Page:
The Republicans have retained Senate control for two more years, shattering Democrats’ dreams of an anti-Trump wave sweeping them to a majority.
The result was all but assured when Republican Kevin Cramer ousted North Dakota Democratic Senator Heidi Heitkamp and when Republican businessman Mike Braun ousted Senator Joe Donnelly in Indiana.
Meanwhile, Ted Cruz fended off a spirited challenge from Democrat Beto O’Rourke and Republican Senator Marsha Blackburn triumphed in Tennessee.
Donald Trump spoke of a “tremendous success” in a post on Twitter.
Meanwhile, Democrats were gaining ground in the battle for House control, winning half of the seats they needed with dozens of additional competitive contests remaining.
Victories in contested House races across Florida, New York, Virginia, Pennsylvania and Minnesota gave them cause for optimism.
The mixed results unfolded as an anxious nation watched to see whether voters would reward or reject the Republicans in the first nationwide election of Mr Trump’s turbulent presidency.
In the lead-up to the election, Republicans privately expressed confidence in their narrow Senate majority but feared the House could slip away.
The Republicans’ grip on high-profile governorships in Florida, Georgia and Wisconsin were at risk as well.
“Everything we have achieved is at stake,” Mr Trump declared in his final day of campaigning.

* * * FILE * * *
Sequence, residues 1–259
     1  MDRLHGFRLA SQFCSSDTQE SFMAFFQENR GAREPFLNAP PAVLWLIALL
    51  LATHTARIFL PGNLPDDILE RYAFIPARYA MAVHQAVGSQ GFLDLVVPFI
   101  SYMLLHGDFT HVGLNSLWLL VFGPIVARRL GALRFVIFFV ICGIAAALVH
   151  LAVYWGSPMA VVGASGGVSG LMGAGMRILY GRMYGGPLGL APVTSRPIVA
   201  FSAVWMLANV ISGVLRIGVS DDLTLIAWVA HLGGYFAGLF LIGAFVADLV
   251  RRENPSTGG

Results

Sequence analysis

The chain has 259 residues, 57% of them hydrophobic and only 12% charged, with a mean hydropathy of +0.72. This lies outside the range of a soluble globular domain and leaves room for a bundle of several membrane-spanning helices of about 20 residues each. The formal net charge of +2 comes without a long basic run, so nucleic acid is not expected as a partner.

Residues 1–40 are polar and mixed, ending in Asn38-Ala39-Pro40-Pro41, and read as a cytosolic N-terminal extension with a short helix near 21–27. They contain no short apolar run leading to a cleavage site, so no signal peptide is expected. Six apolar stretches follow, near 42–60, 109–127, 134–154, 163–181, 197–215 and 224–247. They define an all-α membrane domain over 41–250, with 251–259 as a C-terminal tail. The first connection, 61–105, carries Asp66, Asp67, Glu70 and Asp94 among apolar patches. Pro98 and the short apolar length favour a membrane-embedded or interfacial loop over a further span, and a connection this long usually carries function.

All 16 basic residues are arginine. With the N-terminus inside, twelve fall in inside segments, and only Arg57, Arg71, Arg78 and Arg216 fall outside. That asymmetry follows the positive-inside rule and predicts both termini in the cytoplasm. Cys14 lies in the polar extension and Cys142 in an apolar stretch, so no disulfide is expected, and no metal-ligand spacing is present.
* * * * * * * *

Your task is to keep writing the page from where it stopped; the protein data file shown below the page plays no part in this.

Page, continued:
Long lines and malfunctioning machines marred the first hours of voting in some precincts, including in Georgia, where some voters reported waiting up to three hours to vote in a hotly contested gubernatorial election.
Nearly 40% of voters cast their ballots to express opposition to the president, according to a national survey of the electorate, while one-in-four said they voted to express support for Mr Trump.
Mr Trump encouraged voters to view the first nationwide election of his presidency as a referendum on his leadership, pointing proudly to the surging economy at recent rallies.
He bet big on a xenophobic closing message, warning of an immigrant “invasion” that promised to spread violent crime and drugs across the nation.
Democrats needed to pick up two dozen seats to seize the House majority and two seats to control the Senate.
All 435 seats in the US House were up for re-election, although fewer than 90 were considered competitive while some 35 Senate seats were in play, as were almost 40 governorships and the balance of power in virtually every state legislature.
The political and practical stakes were sky-high.